Chemical giant flooded San Diego’s bay and tidelands with PCBs
The City of San Diego and the San Diego Unified Port District filed suit against chemical giant Monsanto Monday for polluting the city’s bay and tidelands.
According to the lawsuit, Monsanto knowingly hid the well-documented health issues linked to polychlorinated biphenyls, commonly referred to as PCBs, in order to continue using compounds such as Aroclor.
“PCBs manufactured by Monsanto have been found in Bay sediments and water and have been identified in tissues of fish, lobsters, and other marine life in the Bay,” the complaint reads. “PCB contamination in and around the Bay affects all San Diegans and visitors who enjoy the Bay, who reasonably would be disturbed by the presence of a hazardous, banned substance in the sediment, water, and wildlife.”
“There is little probability that any action that can be taken will prevent the growing incrimination of specific polychlorinated biphenyls as nearly global environmental contaminants leading to contamination of human food (particularly fish), the killing of some marine species (shrimp), and the possible extinction of several species of fish eating birds,” the document states.
If the lawsuit is successful, the city, which was also sued in 2012 for polluting the San Diego bay, hopes to use the much needed funds to increase the chemical cleanup budget.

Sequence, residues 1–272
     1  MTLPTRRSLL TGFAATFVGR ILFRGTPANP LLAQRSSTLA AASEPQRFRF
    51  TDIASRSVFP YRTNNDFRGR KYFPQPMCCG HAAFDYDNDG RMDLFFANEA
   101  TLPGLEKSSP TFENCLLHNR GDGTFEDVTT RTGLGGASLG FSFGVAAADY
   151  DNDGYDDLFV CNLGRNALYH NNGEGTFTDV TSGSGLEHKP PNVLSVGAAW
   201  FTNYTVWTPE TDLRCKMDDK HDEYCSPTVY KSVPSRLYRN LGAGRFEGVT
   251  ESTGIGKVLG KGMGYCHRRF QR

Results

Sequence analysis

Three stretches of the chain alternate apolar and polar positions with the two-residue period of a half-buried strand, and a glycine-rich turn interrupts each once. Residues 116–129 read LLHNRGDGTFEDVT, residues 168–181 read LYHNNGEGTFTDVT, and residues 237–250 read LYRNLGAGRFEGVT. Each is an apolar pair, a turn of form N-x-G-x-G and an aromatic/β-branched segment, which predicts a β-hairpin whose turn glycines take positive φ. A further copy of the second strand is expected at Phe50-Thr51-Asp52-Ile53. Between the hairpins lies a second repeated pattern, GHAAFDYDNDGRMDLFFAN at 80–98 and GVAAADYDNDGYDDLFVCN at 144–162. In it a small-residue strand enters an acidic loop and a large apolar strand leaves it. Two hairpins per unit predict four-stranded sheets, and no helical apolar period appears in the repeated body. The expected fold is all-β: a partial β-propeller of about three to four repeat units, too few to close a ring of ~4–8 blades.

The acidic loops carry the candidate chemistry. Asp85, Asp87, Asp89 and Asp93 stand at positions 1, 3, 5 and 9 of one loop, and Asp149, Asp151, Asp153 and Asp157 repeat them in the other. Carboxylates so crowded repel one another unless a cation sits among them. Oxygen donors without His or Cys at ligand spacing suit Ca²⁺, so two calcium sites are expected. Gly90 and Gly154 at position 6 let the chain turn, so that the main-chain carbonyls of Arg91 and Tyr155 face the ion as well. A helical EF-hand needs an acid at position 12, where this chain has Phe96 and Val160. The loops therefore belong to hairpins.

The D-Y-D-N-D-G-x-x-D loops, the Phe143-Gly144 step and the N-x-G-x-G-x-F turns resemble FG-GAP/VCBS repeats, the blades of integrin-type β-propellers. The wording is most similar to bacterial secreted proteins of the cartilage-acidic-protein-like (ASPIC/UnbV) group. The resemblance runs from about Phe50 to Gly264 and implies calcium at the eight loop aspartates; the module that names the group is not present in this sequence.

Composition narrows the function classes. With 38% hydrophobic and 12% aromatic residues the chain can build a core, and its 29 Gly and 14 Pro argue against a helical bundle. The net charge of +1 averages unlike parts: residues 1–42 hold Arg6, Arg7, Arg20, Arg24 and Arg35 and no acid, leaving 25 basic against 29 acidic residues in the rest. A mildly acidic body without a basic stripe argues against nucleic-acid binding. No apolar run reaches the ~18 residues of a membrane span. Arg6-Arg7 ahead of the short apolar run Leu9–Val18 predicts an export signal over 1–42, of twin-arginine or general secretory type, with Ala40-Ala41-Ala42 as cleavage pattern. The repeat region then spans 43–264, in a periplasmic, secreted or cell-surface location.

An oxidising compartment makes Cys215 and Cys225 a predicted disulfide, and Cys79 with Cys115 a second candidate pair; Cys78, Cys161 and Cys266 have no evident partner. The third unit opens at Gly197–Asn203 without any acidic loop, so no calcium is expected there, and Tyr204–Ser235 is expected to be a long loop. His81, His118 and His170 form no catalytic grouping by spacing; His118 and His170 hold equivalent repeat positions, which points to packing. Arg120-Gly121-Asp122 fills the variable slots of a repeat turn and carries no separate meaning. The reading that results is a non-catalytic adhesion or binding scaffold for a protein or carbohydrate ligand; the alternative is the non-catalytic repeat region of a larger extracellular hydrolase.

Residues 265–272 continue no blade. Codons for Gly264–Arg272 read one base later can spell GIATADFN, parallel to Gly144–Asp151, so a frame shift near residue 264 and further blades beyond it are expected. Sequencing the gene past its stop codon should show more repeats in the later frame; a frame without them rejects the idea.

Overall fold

“In 2012, the San Diego Regional Water Control Board found the city and port responsible for pollution of San Diego Bay, namely in what has become known as the Shipyards Sediment Site,” the San Diego Reader article states. “In 2014, the City of San Diego agreed to pay $949,634 in fines for permitting the dumping of hazardous chemicals into the bay. The city also allocated $6.45 million to clean the Shipyards Sediment Site.”
Regardless of the lawsuit’s outcome, the revelation will likely only serve to further dismantle Monsanto’s hemorrhaging popularity among the public.
In fact, a 2014 Nielsen poll found the agricultural giant to be the third most-disliked company in America, an unsurprising discovery given the company’s $156 million fourth quarter loss from last year.
The latest US Geological Survey published in the journal Enviromental Toxicology and Chemistry also found that 75 percent of rain and air samples collected in Mississippi in 2007 were contaminated with the company’s infamous Roundup herbicide.
Written by MIKAEL THALEN
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